If you’re not familiar, the Electric Imp is a small SD card designed to provide internet (Wi-Fi) functionality to consumer devices. While it looks like an SD card, you cannot just plug it into any SD card slot and expect it to work — it still needs a prototyping board. We’ve seen it used to make a wireless thermal printer, or even make a tweeting cat door to let you know of any feline intruders!

Anyway — back to the hack. To move the lock cylinder they’re using a basic RC servo connected directly to the Imp. A flex sensor is installed on the side of the door over-top the lock — this provides feedback to the Imp whether or not the door is in fact locked. The Imp then communicates to Everymote to allow for keypad access from your mobile phone.

It probably ended up costing more in time and money than a new key, but hey, it looks like it was a fun project to do!

Key code door lock won’t endanger your security deposit

College students have returned in droves to dorms and apartments at campuses everywhere. So this is the time of year we usually start seeing some coded entry hacks. [Charmonkey] recently took on the challenge at his new apartment. There were some caveats though. He needed to ensure the Landlord could still enter using a key, and he didn’t want to alter the door or the jamb in any way. What he came up with is a coded entry system that can turn the deadbolt.

In order to mount some hardware on the door he removed the inner part of the dead bolt assembly and used the pair of threaded tubes on the adjoining lock section as anchor points. This holds the Pokemon tin he’s using as a project box securely in place. The rest of the components all mount to it. These include the stepper motor that actuates the deadbolt, a switch for manual operation, an Arduino, and a motor driver board.

He got really creative with the keypad. The wires connecting it travel through the door’s peephole and into the smaller plastic project box that hosts the rest of the hardware.

[via Reddit]

QR code opens doors to you

[Jeremy Blum] wrote in to share his LibeTech QR Code Door Lock project. He developed it during his Senior year at Cornell University along with three of his classmates. It seeks to move away from magnetic card locks in favor of optical locks that authenticate based on a QR code.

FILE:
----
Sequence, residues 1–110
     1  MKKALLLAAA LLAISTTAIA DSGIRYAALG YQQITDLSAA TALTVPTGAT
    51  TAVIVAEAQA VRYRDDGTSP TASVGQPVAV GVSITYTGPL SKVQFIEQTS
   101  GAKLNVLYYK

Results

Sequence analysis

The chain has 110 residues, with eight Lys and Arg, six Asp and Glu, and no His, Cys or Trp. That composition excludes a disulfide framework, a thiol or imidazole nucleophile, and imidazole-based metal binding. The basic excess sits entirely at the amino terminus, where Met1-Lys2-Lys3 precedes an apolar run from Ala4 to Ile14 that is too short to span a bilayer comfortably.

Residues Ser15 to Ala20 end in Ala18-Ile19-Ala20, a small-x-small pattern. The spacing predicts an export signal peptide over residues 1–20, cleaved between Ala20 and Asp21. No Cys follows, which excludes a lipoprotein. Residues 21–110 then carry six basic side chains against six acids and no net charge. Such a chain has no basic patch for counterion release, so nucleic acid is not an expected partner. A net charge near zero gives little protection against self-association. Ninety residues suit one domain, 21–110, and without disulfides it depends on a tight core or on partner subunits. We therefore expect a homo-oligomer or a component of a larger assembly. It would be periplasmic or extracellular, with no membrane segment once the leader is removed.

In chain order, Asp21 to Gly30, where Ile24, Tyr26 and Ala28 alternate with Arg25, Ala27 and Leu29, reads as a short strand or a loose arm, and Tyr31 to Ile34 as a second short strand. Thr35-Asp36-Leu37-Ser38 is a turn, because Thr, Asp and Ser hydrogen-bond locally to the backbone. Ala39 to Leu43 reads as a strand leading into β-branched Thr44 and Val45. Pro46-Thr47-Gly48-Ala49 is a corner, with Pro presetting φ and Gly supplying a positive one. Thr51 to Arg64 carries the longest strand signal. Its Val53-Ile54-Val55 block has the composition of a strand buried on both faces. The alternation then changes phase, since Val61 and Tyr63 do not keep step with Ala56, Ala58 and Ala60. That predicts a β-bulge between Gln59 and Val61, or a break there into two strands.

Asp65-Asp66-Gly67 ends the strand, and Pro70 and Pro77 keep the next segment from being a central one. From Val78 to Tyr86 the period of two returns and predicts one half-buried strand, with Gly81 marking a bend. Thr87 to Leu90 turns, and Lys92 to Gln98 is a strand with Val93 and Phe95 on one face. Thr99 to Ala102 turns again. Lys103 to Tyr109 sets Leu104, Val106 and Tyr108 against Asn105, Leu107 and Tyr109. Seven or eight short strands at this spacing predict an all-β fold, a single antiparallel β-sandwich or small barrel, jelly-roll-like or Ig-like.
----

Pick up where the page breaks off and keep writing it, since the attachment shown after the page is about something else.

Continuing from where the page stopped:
The hardware he’s using here is definitely cost prohibitive, but we’re sure the concept could be greatly simplified. In this case a BeagleBone running embedded Linux monitors a feed from a webcam. When it detects a QR code it compares it with a database of approved keys and will unlock the door for you.

There are problems with this technique, one being that an attacker might be able to get a usable photograph of your key without you knowing. But the majority of hotel locks in use right now are even less secure than that. On the upside, the key to your room can be emailed to you for use on just about any device with a screen, or printed out on a piece of paper.

You can find [Jeremy's] presentation video embedded after the break.

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Easily movable RFID door lock is great for dorm rooms

rfid_door_lock_tutorial

One of the first things that [Eric] hacked together when he got to college was an RFID door locking system. He found that he was often in a rush to get in and out of his dorm room, and that using a simple wireless key was a great way to streamline his days.

Over the years, he has refined his design, and while his original prototype was functional, it was a bit rough around the edges. In the video posted on his site, he thoroughly explains how his system was built, and shows off the revisions he has made over time. One key consideration when building this system was the fact that the installation had to be non-permanent. Since schools typically frown on physically altering your rooms, he found a non-intrusive means to mount his system in the way of zip ties and foam board.

His RFID door lock looks to work quite nicely, and we especially like the inclusion of the reed switch to ensure that the system knows if the door has been opened or not. If you have about half an hour to spare and are interested in building an RFID entry system of your own, be sure to check out [Eric’s] video below for all the details.

[Read more...]